A team of UArizona architecture students won first place in a worldwide competition for designing The Loop, a cooperative housing apartment building whose energy system reimagines the way groups of buildings are kept cool. (Illustration courtesy of SunBlock)
A team of UArizona architecture students won first place in a worldwide competition for designing The Loop, a cooperative housing apartment building whose energy system reimagines the way groups of buildings are kept cool. (Illustration courtesy of SunBlock)

Architecture Students Place First in Department of Energy Competition

Four university teams were finalists for a project that aims to change the way apartment buildings, schools and homes store energy and are kept cool.
May 26, 2020
Extra Info: 

Four teams of architecture students were finalists in the Department of Energy's 2020 Solar Decathlon Design Challenge.

First place, mixed-use multifamily division

  • Elizabeth Franzen
  • Rachel Schultz
  • Hao Wang

Honorable mention, elementary school division

  • Carina Eichorst
  • Alec Kelly-Jones
  • Wen Xie

Finalist, suburban single-family division

  • Josh Muckenthaler
  • Sierra Yang
  • Chumei Rui
  • Nikolas Altamura

Finalist, urban single-family division

  • Courtney Klewer
  • Juli Bailey
  • Sasha Evans
Jonathan Bean
Jonathan Bean
Elizabeth Franzen
Elizabeth Franzen

University of Arizona architecture students won first place in a national competition for a project that reimagines the way buildings store energy for cooling.

The team was among four finalists from the university in the Department of Energy's 2020 Solar Decathlon Design Challenge. Another one of the teams earned an honorable mention.

Their competitors included student teams from 36 higher education institutions from around the world, all tasked with designing projects that solve real-world problems in the building industry. The winning team of fourth-year undergraduate architecture students had just three members – Elizabeth Franzen, Rachel Schultz and Hao Wang – compared to the teams they competed against, which often had up to two dozen students per team, plus multiple faculty advisers.

The teams presented their designs to expert jurors.

"Being able to be recognized for your passion and having people tell you that what you're doing is really important was inspiring," Franzen said. "It makes you feel like you're ready to step into the world and make a big difference."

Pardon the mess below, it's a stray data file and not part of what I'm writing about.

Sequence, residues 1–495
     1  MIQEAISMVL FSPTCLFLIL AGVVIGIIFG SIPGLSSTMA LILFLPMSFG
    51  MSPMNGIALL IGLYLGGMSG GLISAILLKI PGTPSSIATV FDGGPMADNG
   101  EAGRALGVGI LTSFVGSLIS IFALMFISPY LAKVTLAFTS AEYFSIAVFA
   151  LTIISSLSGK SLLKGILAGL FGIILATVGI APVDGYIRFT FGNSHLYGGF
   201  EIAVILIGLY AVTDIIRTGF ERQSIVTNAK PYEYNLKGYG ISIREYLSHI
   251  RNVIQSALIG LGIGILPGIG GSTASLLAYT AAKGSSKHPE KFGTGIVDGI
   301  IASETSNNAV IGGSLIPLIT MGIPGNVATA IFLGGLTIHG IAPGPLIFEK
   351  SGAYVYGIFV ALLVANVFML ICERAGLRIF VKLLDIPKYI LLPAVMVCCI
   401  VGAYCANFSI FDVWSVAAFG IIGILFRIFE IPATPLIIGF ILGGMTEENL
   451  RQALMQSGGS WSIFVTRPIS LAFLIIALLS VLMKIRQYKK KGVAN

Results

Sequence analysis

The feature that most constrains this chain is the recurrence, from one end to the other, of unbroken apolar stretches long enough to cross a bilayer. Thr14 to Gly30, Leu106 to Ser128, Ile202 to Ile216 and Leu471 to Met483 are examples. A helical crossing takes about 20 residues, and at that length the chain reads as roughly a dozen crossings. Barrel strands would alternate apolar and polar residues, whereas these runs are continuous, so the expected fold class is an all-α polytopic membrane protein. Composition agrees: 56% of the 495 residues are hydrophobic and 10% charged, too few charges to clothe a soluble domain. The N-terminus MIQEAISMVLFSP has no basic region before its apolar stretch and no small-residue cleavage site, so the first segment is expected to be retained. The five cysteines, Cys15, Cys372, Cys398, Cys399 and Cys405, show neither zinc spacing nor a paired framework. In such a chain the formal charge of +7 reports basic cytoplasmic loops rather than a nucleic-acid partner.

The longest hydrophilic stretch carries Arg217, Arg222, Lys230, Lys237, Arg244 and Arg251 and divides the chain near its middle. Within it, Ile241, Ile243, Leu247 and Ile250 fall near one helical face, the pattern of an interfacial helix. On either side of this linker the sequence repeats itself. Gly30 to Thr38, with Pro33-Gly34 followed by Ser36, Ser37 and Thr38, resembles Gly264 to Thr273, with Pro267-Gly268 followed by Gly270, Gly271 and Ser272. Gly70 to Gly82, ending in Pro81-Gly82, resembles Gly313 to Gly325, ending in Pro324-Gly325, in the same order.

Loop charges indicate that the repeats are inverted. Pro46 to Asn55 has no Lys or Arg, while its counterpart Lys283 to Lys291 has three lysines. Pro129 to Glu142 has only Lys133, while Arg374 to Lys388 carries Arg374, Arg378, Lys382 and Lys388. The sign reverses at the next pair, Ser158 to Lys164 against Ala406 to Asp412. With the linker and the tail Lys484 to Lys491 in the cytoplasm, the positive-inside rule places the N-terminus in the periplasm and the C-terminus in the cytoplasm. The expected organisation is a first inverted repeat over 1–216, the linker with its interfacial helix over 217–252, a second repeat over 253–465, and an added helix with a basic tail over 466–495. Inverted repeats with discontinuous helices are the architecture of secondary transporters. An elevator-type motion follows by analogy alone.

Rethinking how buildings are cooled

The four UArizona teams each designed one component of a larger project called SunBlock, a concept for a section of the Myers Neighborhood on the south end of midtown Tucson. SunBlock rethinks the traditional configuration of district energy systems, which are used to heat or cool collections of buildings, said Jonathan Bean, an assistant professor of architecture and sustainable built environments and the team's faculty adviser.

District energy systems typically involve one central plant that creates heated or cooled water, then pumps it around to the other buildings within the district. The buildings take that water and pass it through an air handling unit. Air is then passed over the water to heat or cool the building.

The SunBlock concept, designed specifically for the Sonoran Desert, focuses on cooling. The main way it is different from a traditional district energy system is that each SunBlock building would have its own solar-powered system that cools the water, rather than one central building doing it all.

Because the buildings are built so efficiently, the cooling system would provide more cold water than needed. The extra water could be stored in underground tanks and shared with existing and less efficient buildings throughout the neighborhood.

The project addresses sustainability from a number of angles: The buildings' electricity is provided with solar power; the system does not use traditional air conditioning systems that use refrigerants, which are polluters; and the underground water tanks can also collect rainwater for irrigation.

'We want to win'